Re Dodger's point....Congratulations on the contractual data mining!

 

It's hopeless isn't it...they must have been extremely impressed in 2008 by the Banking model of Risk management (which collapsed in flames in the autumn of that same year when Lehman Bros disintegrated) in which the 'arms length wholly owned private company' gets all the rewards ----and the public bear all the risks.

 

Just like RBS where 'we' own 83% ---and would have owned it all had not the last Government produced some shareholding sleight of hand designed to avoid appearing to 'Nationalise' the lot--- so with TIE.  Despite ownership we have to put up with the Directors and senior executives careering along paying themselves high salaries and bonuses and when it all goes wrong they just shrug their shoulders.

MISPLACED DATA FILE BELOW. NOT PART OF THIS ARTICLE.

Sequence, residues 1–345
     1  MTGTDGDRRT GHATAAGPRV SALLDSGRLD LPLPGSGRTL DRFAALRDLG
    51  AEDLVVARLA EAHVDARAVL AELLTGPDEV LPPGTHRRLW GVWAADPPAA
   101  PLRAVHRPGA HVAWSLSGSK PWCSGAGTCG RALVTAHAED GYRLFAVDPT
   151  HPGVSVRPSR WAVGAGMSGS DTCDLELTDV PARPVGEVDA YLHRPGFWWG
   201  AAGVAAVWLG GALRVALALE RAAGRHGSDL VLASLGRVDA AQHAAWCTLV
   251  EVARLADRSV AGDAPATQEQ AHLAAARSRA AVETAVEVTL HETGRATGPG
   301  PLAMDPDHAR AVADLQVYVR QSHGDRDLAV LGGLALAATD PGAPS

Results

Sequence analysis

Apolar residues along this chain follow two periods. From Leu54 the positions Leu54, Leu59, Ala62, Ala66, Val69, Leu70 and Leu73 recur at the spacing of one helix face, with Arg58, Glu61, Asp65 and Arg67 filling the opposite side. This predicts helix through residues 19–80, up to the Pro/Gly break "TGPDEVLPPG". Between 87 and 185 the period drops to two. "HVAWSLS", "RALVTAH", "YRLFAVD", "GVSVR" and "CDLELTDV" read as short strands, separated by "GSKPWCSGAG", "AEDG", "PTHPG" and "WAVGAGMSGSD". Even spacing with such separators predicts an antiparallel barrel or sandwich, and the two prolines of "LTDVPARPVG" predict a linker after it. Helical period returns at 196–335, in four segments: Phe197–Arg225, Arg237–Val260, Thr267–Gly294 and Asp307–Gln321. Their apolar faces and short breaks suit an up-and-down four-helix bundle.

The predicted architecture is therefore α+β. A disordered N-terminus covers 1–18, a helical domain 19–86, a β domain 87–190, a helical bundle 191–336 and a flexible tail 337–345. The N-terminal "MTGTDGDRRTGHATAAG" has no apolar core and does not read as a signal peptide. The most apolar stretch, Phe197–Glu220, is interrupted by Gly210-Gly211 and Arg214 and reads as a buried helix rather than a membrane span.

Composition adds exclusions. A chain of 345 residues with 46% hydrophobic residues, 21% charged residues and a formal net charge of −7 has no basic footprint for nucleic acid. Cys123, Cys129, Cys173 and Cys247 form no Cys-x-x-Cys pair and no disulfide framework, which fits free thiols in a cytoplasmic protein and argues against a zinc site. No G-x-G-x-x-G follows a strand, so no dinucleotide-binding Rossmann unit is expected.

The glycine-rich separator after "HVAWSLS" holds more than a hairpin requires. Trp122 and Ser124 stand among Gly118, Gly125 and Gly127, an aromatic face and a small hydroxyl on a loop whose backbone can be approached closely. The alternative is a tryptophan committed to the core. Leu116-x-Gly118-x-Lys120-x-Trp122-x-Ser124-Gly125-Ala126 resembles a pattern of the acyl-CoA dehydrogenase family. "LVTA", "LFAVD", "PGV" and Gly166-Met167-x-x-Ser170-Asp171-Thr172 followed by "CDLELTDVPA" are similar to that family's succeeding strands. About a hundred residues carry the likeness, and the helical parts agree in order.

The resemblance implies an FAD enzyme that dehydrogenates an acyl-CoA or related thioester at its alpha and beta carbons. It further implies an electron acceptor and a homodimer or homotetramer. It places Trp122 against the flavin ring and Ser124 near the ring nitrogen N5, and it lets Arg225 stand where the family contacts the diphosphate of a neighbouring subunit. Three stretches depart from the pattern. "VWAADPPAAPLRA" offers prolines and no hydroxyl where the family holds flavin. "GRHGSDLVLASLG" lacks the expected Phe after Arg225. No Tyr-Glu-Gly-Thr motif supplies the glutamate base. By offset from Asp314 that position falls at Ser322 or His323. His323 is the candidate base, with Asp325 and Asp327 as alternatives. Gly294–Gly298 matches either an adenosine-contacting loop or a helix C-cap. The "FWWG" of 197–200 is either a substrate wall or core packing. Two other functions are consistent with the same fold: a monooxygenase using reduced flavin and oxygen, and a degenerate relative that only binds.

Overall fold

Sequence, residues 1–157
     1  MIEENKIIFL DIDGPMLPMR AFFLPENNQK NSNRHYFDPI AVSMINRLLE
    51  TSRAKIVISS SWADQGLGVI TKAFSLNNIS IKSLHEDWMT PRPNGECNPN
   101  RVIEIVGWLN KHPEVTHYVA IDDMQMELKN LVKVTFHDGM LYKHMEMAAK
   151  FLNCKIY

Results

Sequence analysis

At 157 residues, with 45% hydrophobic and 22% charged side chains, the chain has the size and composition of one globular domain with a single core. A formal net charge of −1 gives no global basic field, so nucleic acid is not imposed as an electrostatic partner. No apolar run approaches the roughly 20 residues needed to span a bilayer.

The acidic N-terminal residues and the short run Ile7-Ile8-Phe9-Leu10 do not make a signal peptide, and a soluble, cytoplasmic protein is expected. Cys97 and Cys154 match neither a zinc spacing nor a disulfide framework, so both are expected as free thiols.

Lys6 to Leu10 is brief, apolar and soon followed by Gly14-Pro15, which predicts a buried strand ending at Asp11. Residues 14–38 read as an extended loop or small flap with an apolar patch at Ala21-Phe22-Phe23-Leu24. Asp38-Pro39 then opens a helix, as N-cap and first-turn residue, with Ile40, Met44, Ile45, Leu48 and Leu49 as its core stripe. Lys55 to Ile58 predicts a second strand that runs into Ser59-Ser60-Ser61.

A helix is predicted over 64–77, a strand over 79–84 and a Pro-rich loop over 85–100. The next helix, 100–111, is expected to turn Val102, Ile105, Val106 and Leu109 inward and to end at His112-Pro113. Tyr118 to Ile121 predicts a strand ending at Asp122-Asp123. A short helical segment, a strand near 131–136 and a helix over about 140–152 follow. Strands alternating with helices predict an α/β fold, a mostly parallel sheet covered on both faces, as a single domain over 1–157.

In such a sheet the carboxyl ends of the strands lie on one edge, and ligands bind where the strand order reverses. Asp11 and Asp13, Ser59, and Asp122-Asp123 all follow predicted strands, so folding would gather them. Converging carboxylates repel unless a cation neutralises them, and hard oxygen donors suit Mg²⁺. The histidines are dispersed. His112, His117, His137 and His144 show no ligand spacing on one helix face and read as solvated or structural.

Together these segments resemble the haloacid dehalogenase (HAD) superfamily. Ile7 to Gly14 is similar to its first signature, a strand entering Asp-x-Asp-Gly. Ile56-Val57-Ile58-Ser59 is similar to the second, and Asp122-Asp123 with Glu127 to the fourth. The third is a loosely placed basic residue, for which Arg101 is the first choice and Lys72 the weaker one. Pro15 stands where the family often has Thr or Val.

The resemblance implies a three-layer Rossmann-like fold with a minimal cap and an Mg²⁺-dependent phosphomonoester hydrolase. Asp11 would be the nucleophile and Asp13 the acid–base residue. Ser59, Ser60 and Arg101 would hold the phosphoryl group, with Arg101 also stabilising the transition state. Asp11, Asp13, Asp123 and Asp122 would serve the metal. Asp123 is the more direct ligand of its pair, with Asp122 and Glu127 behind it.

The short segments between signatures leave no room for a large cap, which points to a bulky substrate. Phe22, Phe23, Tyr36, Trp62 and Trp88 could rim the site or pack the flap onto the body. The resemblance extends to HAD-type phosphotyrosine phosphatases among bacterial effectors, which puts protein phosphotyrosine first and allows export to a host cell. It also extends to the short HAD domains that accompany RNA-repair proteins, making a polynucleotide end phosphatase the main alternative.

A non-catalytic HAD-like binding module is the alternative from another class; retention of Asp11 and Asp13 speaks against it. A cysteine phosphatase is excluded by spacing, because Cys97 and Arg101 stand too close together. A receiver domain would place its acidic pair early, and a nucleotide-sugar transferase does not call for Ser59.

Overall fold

It's disappointing for us all in the City because the threat of administration and liquidation could otherwise have been used to exert some leverage on the Contractors ---- as it stands though it still isn't an argument for continuing an open ended committment to build a tram that will probably continue to lose money (and disrupt a decent bus system) throughout it's life and will still be losing money when the tracks are ripped up for the next 'Big Idea' later this century.